Ed Philosophy Essay Philosophy of education can refer to either the academic field of applied philosophy or to one of any educational philosophies that promote a specific type or vision of education, and/or which examine the definition, goals and meaning of education. As an academic field, philosophy of education is the philosophical study of education and its problems its central subject matter is education, and its methods are those of philosophy. [1] The philosophy of education may be either the philosophy of the process of education or the philosophy of the discipline of education. That is, it may be part of the discipline in the sense of being concerned with the aims, forms, methods, or results of the process of educating or being educated; or it may be metadisciplinary in the sense of being concerned with the concepts, aims, and methods of the discipline. [2] As such, it is both part of the field of education and a field of applied philosophy, drawing from fields of metaphysics, epistemology, axiology and the philosophical approaches (speculative, prescriptive, and/or analytic) to address questions in and about pedagogy, education policy, and curriculum, as well as the process of learning, to name a few. [3] For example, it might study what constitutes upbringing and education, the values and norms revealed through upbringing and educational practices, the limits and legitimization of education as an academic discipline, and the relation between educational theory and practice. Instead of being taught in philosophy departments, philosophy of education is usually housed in departments or colleges of education, similar to how philosophy of law is generally taught in law schools. [1] The multiple ways of conceiving education coupled with the multiple fields and approaches of philosophy make philosophy of education not only a very diverse field but also one that is not easily defined. Although there is overlap, philosophy of education should not be conflated with educational theory, which is not defined specifically by the application of philosophy to questions in education. Philosophy of education also should not be confused with philosophy education, the practice of teaching and learning the subject of philosophy. Philosophy of education can also be understood not as an academic discipline but as a normative educational theory that unifies pedagogy, curriculum, learning theory, and the purpose of education and is grounded in specific metaphysical, epistemological, and axiological assumptions. These theories are also called educational philosophies. For example, a teacher might be said to follow a perennialist educational philosophy or to follow a perennialist philosophy of education. Contents * 1 Philosophy of Education * 1. 1 Idealism * 1. 1. 1 Plato * 1. 1. 2 Immanuel Kant * 1. 1. 3 Georg Wilhelm Friedrich Hegel * 1. 2 Realism * 1. 2. 1 Aristotle * 1. 2. 2 Avicenna * 1. 2. 3 Ibn Tufail * 1. 2. 4 John Locke * 1. 2. 5 Jean-Jacques Rousseau * 1. 2. 6 Mortimer Jerome Adler * 1. 2. 7 Harry S. Broudy * 1. 3 Scholasticism * 1. 3. 1 Thomas Aquinas * 1. 3. 2 John Milton * 1. 4 Pragmatism * 1. 4. 1 John Dewey * 1. 4. 2 William James * 1. 4. 3 William Heard Kilpatrick * 1. 4. 4 Nel Noddings * 1. 4. 5 Richard Rorty * 1. 5 Analytic Philosophy * 1. 5. 1 Richard Stanley Peters * 1. 5. 2 Paul H. Hirst * 1. 6 Existentialism * 1. 6. 1 Karl Jaspers * 1. 6. 2 Martin Buber * 1. 6. 3 Maxine Greene * 1. 7 Critical Theory * 1. 7. 1 Paulo Freire * 1. 8 Postmodernism * 1. 8. 1 Martin Heidegger * 1. 8. 2 Hans-Georg Gadamer * 1. 8. 3 Jean-Francois Lyotard * 1. 8. 4 Michel Foucault * 2 Normative Educational Philosophies * 2. 1 Perennialism * 2. 1. 1 Allan Bloom * 2. 2 Progressivism * 2. 2. 1 Jean Piaget * 2. 2. 2 Jerome Bruner * 2. 3 Essentialism * 2. 3. 1 William Chandler Bagley * 2. 4 Social Reconstructionism and Critical Pedagogy * 2. 4. 1 George Counts * 2. 4. 2 Maria Montessori * 2. 5 Waldorf * 2. 5. 1 Rudolf Steiner * 2. 6 Democratic Education * 2. 6. 1 A. S. Neill * 2. 7 Classical Education * 2. 7. 1 Charlotte Mason * 2. 8 Unschooling * 2. 8. 1 John Holt * 2. 8. 2 Contemplative education * 3 Professional organizations and associations * 4 References * 5 Further reading * 6 External links| Philosophy of Education Idealism Plato Inscribed herma of Plato. (Berlin, Altes Museum). Main article: Plato Date: 424/423 BC 348/347 BC Platos educational philosophy was grounded in his vision of the ideal Republic, wherein the individual was best served by being subordinated to a just society. He advocated removing children from their mothers care and raising them as wards of the state, with great care being taken to differentiate children suitable to the various castes, the highest receiving the most education, so that they could act as guardians of the city and care for the less able. Education would be holistic, including facts, skills, physical discipline, and music and art, which he considered the highest form of endeavor. Plato believed that talent was distributed non-genetically and thus must be found in children born in any social class. He builds on this by insisting that those suitably gifted are to be trained by the state so that they may be qualified to assume the role of a ruling class. What this establishes is essentially a system of selective public education premised on the assumption that an educated minority of the population are, by virtue of their education (and inborn educability), sufficient for healthy governance. Platos writings contain some of the following ideas: Elementary education would be confined to the guardian class till the age of 18, followed by two years of compulsory military training and then by higher education for those who qualified. While elementary education made the soul responsive to the environment, higher education helped the soul to search for truth which illuminated it. Both boys and girls receive the same kind of education. Elementary education consisted of music and gymnastics, designed to train and blend gentle and fierce qualities in the individual and create a harmonious person. At the age of 20, a selection was made. The best one would take an advanced course in mathematics, geometry, astronomy and harmonics. The first course in the scheme of higher education would last for ten years. It would be for those who had a flair for science. At the age of 30 there would be another selection; those who qualified would study dialectics and metaphysics, logic and philosophy for the next five years. They would study the idea of good and first principles of being. After accepting junior positions in the army for 15 years, a man would have completed his theoretical and practical education by the age of 50. Immanuel Kant Main article: Immanuel Kant Date: 1724–1804 Immanuel Kant believed that education differs from training in that the latter involves thinking whereas the former does not. In addition to educating reason, of central importance to him was the development of character and teaching of moral maxims. Kant was a proponent of public education and of learning by doing. [4] Georg Wilhelm Friedrich Hegel Main article: Georg Wilhelm Friedrich Hegel Date: 1770–1831 Realism Aristotle Bust of Aristotle. Roman copy after a Greek bronze original by Lysippos from 330 B. C. Main article: Aristotle Date: 384 BC 322 BC Only fragments of Aristotles treatise On Education are still in existence. We thus know of his philosophy of education primarily through brief passages in other works. Aristotle considered human nature, habit and reason to be equally important forces to be cultivated in education. [1] Thus, for example, he considered repetition to be a key tool to develop good habits. The teacher was to lead the student systematically; this differs, for example, from Socrates emphasis on questioning his listeners to bring out their own ideas (though the comparison is perhaps incongruous since Socrates was dealing with adults). Aristotle placed great emphasis on balancing the theoretical and practical aspects of subjects taught. Subjects he explicitly mentions as being important included reading, writing and mathematics; music; physical education; literature and history; and a wide range of sciences. He also mentioned the importance of play. One of educations primary missions for Aristotle, perhaps its most important, was to produce good and virtuous citizens for the polis. All who have meditated on the art of governing mankind have been convinced that the fate of empires depends on the education of youth. [2] Avicenna Main article: Avicenna Date: 980 AD 1037 AD In the medieval Islamic world, an elementary school was known as a maktab, which dates back to at least the 10th century. Like madrasahs (which referred to higher education), a maktab was often attached to a mosque. In the 11th century, Ibn Sina (known as Avicenna in the West), wrote a chapter dealing with the maktab entitled The Role of the Teacher in the Training and Upbringing of Children, as a guide to teachers working at maktab schools. He wrote that children can learn better if taught in classes instead of individual tuition from private tutors, and he gave a number of reasons for why this is the case, citing the value of competition and emulation among pupils as well as the usefulness of group discussions and debates. Ibn Sina described the curriculum of a maktab school in some detail, describing the curricula for two stages of education in a maktab school. [5] Ibn Sina wrote that children should be sent to a maktab school from the age of 6 and be taught primary education until they reach the age of 14. During which time, he wrote that they should be taught the Quran, Islamic metaphysics, language, literature, Islamic ethics, and manual skills (which could refer to a variety of practical skills). [5] Ibn Sina refers to the secondary education stage of maktab schooling as the period of specialization, when pupils should begin to acquire manual skills, regardless of their social status. He writes that children after the age of 14 should be given a choice to choose and specialize in subjects they have an interest in, whether it was reading, manual skills, literature, preaching, medicine, geometry, trade and commerce, craftsmanship, or any other subject or profession they would be interested in pursuing for a future career. He wrote that this was a transitional stage and that there needs to be flexibility regarding the age in which pupils graduate, as the students emotional development and chosen subjects need to be taken into account. [6] The empiricist theory of tabula rasa was also developed by Ibn Sina. He argued that the human intellect at birth is rather like a tabula rasa, a pure potentiality that is actualized through education and comes to know and that knowledge is attained through empirical familiarity with objects in this world from which one abstracts universal concepts which is developed through a syllogistic method of reasoning; observations lead to prepositional statements, which when compounded lead to further abstract concepts. He further argued that the intellect itself possesses levels of development from the material intellect (al-‘aql al-hayulani), that potentiality that can acquire knowledge to the active intellect (al-‘aql al-fa‘il), the state of the human intellect in conjunction with the perfect source of knowledge. [7]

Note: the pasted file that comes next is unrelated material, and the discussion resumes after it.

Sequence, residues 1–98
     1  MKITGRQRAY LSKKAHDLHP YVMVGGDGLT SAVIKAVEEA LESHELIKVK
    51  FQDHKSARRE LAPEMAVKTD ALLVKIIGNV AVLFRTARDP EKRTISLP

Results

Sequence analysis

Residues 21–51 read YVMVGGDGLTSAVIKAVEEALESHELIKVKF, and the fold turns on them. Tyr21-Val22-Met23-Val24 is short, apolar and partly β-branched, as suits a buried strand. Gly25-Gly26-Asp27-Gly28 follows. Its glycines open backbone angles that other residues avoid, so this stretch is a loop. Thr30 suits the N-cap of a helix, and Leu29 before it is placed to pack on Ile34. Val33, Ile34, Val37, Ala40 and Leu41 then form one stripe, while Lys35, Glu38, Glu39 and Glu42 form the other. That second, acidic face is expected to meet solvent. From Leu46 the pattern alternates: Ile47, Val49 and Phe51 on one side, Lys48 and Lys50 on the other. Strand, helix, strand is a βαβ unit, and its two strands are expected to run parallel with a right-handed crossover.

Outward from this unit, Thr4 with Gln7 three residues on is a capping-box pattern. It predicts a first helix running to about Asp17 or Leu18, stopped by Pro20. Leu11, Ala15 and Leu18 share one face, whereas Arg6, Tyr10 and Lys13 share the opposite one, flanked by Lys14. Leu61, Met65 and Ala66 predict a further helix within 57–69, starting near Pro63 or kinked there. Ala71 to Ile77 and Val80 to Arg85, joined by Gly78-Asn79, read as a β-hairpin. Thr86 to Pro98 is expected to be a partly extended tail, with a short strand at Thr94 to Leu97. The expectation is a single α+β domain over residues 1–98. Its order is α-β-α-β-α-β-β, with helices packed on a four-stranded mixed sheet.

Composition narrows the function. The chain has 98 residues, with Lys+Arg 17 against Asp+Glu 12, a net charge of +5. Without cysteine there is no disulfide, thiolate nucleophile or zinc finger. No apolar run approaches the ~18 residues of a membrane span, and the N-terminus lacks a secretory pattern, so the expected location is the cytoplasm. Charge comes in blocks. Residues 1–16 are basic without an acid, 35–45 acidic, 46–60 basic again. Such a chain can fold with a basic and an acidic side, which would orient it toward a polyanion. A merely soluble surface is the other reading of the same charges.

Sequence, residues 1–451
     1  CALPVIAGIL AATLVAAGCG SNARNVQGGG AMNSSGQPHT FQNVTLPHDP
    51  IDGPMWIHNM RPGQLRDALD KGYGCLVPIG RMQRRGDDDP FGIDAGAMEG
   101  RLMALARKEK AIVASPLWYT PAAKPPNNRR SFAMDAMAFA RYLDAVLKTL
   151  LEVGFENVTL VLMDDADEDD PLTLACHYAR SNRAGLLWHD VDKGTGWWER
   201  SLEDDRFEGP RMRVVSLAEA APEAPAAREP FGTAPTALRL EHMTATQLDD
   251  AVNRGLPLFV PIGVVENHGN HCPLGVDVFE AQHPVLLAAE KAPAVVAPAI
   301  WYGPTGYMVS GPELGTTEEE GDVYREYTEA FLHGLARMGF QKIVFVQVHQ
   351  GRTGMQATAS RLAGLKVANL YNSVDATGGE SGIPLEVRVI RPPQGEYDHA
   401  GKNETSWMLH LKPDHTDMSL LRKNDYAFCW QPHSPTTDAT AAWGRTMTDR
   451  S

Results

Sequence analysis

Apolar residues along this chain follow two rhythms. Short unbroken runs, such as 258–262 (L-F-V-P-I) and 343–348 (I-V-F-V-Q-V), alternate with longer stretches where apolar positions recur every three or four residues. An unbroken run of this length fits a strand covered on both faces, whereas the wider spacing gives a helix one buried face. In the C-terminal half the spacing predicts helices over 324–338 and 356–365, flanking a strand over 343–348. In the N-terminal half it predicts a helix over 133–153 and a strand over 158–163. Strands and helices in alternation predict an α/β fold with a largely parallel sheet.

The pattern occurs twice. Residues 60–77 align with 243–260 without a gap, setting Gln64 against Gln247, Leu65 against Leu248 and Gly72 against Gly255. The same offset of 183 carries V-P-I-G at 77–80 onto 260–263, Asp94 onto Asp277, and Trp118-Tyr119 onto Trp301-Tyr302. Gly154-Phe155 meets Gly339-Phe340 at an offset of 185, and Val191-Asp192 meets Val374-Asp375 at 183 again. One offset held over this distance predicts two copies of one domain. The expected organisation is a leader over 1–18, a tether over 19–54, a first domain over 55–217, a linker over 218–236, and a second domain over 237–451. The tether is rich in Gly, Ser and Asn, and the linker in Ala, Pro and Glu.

Wednesday, January 22, 2020